What follows is the continuation, in serial form, of a central chapter from my book A Primer in the Art of Deception: The Cult of Nuclearists, Uranium Weapons and Fraudulent Science.
EXHIBIT F continued:
The significance of the infant leukemia clusters in the wake of the Chernobyl accident must not be lost on the reader. Radiation was delivered to developing fetuses through their mothers breathing and eating radionuclides that were released thousands of miles away. Levels of radiation in the environment where these women lived, declared by the radiation protection community as being below regulatory concern, adversely affected the development of their babies. This evidence definitively demonstrates that, at least for infant leukemia, the ICRP model is wrong. This model, based on instances of acute, high-dose exposure to external radiation fails to adequately account for illness induced by chronic low-dose exposure from decaying radioisotopes lodged within the human body’s interior. The fact that the frequency of childhood leukemia occurred at a rate greater than predicted by the risk estimates derived from the ICRP model signifies that populations are incurring more illness from low-level radiation in the environment than the radiation protection community wants us to believe. An important corollary of this conclusion must never be forgotten. In the aftermath of many radiation releases, good epidemiological evidence is not always available. Consequently, the radiation protection agencies assess the impact to public health by turning to their models and allowing their models to inform the public of the cost they are paying in eroded health and death. When these models are flawed, they serve to cover up the true incidence of radiation-induced illnesses foisted on the population. Corrupted science becomes an accessory to murder. This is the fraud for which a guilty verdict is being sought against the Cult of Nuclearists.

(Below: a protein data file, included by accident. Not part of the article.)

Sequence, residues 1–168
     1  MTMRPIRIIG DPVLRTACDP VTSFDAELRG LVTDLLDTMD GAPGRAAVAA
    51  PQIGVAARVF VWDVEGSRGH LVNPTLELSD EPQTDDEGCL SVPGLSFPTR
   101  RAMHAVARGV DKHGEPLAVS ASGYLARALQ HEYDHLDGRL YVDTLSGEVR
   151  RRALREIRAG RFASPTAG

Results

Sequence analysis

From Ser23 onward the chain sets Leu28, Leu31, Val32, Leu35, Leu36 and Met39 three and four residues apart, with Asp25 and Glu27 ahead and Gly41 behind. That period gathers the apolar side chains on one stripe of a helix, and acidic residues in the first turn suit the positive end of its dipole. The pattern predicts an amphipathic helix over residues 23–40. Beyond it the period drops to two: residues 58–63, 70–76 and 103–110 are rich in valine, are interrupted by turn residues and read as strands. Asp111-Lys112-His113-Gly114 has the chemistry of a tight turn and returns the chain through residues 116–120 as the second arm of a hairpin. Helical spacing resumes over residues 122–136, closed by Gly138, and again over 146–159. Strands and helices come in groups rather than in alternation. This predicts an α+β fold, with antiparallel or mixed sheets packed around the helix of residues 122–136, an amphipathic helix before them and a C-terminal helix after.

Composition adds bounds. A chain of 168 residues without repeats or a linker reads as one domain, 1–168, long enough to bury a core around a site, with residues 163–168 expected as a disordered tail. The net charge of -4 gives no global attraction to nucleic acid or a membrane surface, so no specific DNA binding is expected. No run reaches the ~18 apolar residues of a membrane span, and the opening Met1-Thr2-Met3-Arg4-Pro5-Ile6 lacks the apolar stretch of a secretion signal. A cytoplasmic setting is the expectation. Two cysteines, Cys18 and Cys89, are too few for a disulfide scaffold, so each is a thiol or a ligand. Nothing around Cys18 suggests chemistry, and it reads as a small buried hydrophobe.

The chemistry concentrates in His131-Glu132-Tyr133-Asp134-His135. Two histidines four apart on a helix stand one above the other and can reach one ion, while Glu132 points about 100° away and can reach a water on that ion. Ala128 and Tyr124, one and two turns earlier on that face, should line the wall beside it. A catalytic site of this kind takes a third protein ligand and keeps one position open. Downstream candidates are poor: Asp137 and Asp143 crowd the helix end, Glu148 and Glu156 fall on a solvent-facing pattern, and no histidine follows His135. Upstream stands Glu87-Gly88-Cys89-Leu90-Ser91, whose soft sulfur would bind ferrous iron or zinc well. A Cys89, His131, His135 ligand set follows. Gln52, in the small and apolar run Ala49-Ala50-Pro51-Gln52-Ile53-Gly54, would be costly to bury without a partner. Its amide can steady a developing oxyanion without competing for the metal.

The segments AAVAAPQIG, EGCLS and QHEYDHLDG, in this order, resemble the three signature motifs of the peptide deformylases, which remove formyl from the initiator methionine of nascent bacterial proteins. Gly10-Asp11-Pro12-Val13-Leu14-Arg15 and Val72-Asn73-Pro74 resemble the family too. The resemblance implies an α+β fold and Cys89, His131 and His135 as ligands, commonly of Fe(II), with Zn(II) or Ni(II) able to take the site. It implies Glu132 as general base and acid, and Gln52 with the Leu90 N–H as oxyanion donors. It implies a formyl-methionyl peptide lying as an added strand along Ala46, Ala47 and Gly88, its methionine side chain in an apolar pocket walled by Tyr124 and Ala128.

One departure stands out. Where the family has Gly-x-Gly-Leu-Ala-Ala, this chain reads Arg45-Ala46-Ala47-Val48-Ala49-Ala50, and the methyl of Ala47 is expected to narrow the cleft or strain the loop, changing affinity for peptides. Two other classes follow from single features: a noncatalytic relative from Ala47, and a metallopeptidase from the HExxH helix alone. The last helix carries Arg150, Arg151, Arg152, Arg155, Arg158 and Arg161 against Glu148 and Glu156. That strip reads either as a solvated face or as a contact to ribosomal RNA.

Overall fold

The post-Chernobyl infant leukemia cohorts provide evidence that developing fetuses incur genetic damage from low-level radiation from internal emitters absorbed by their mothers. Although not proven, this evidence suggests that other types of genetic illnesses may likewise be traced to exposure in the womb to levels of internal emitters currently deemed inconsequential. In support of this hypothesis, Busby and Scott Cato cite evidence of other in utero effects in the immediate aftermath of Chernobyl. Data obtained from the UK Office of Population Census and Surveys provides evidence of babies with a very low birth weight — less than 1,500 g (approximately 3.3 pounds) — born in Wales just after the accident. These births peaked between January 1987 and January 1988. (The Chernobyl accident occurred on April 26, 1986.) This evidence gives further credence to studies that demonstrated increased levels of infant mortality following exposure to fallout during the period of atmospheric weapon testing. In the light of these findings, it is essential to recall that, according to ICRP models, the radiation released into the environment by humans has not been responsible for producing any fetal deaths, still births, or death to infants. As the ECRR notes:
“The ICRP only considers heritable effects which are measurable in phenotype after birth e.g. congenital defects and perhaps increases in clinically diagnosed heritable genetic diseases. Thus fetal death and infant mortality are not addressed as radiation exposure outcomes by ICRP.”
 Busby C, Scott Cato M. Increases in Leukemia in Infants in Wales and Scotland Following Chernobyl: Evidence for Errors in Statutory Risk Estimates. Energy and Environment. 2000; 11(2):127-139.